I don't know. I just
don't have a head for business.
Do you think that
readers are into comics for collecting and need to touch
a comic book to enjoy it, or would a computer screen
be enough for them? What about you?
I still want to "own"
a good comic. I like to put it on the shelf. I enjoy
reading a good comic in any format, but I prefer to
own it on paper.
There are many issues
that could prevent digital comics from growing, such
as piracy. Also, and even novelists ran into that wall,
it seems to be hard to get paid, even with systems such
as PayPal. Subscription, advertisement, micro-payments:
what do you think is the best option to be paid on the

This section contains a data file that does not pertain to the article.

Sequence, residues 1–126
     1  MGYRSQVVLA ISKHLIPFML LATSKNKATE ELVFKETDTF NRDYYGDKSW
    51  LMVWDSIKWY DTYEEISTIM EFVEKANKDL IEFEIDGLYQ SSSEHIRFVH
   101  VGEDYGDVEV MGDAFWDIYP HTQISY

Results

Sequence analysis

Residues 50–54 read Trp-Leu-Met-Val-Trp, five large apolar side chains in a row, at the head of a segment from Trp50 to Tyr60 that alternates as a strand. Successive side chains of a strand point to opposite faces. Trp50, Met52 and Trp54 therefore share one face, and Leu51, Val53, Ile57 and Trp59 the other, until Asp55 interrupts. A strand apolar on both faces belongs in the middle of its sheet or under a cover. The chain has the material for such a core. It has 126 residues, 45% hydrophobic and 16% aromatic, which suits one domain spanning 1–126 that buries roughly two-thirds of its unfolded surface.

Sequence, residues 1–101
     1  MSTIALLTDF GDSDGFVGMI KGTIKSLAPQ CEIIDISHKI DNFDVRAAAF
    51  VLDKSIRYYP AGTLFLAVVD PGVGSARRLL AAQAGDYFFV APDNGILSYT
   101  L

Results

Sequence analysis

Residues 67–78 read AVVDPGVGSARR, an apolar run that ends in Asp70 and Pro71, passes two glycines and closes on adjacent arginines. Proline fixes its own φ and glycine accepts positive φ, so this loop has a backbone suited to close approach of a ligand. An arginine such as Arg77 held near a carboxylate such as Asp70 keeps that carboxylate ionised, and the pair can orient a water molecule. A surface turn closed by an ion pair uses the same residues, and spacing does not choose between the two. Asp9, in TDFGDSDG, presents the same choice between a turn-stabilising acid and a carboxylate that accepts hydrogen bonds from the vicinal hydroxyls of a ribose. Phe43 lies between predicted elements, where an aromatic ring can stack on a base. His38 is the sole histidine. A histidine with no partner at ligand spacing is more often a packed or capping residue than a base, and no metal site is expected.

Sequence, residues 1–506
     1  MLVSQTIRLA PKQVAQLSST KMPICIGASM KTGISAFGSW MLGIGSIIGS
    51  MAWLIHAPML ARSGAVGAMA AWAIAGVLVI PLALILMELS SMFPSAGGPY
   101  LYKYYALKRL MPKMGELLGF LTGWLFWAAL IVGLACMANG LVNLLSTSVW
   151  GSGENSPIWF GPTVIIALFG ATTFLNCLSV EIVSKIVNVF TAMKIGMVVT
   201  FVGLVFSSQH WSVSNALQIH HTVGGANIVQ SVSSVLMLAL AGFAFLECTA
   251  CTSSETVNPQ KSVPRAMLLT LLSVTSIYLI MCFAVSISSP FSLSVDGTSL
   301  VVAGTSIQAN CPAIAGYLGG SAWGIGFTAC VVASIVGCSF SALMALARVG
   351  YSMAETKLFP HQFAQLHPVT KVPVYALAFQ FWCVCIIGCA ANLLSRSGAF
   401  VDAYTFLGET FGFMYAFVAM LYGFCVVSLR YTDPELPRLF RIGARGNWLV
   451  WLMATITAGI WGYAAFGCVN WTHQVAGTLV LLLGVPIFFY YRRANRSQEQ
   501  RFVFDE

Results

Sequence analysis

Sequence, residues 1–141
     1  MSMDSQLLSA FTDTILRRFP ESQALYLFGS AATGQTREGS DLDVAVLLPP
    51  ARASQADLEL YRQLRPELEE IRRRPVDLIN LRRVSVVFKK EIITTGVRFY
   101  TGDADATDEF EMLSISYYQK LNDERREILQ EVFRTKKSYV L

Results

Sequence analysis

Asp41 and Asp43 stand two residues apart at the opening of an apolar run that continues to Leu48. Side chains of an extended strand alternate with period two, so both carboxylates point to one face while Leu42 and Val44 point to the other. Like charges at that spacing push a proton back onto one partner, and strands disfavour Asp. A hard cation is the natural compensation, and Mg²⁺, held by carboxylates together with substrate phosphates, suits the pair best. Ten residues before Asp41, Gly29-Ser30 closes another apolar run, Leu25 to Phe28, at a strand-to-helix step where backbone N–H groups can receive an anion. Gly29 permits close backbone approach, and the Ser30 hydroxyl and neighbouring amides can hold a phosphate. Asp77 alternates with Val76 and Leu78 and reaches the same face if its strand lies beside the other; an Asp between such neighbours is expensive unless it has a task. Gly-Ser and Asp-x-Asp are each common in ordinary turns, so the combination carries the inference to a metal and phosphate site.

web for digital creations?
For me, the solution
would be to create comics for some site that knows how
to make the money and turn it over to me. I don't have
much hope for PayPal, etc. Hopefully I am wrong about
There are different
ways to compose a comic book story on the internet.
Some artists like to consider the screen as a page,
others still use a typical comic book format. We can
also use the screen as a panel/link leading to another
panel and so on. Finally, other artists use the internet
as an unlimited space to compose a story. Do you think
that digital comics offer more possibilities as far
as composition is concerned?
You can do all those
things on paper. It's just easier and cheaper to do
it on the internet, so you see it there more frequently.
Do you think that
scrolling is the main limitation of digital comics?
I do not understand
scrolling phobia. I have no idea why it is such a problem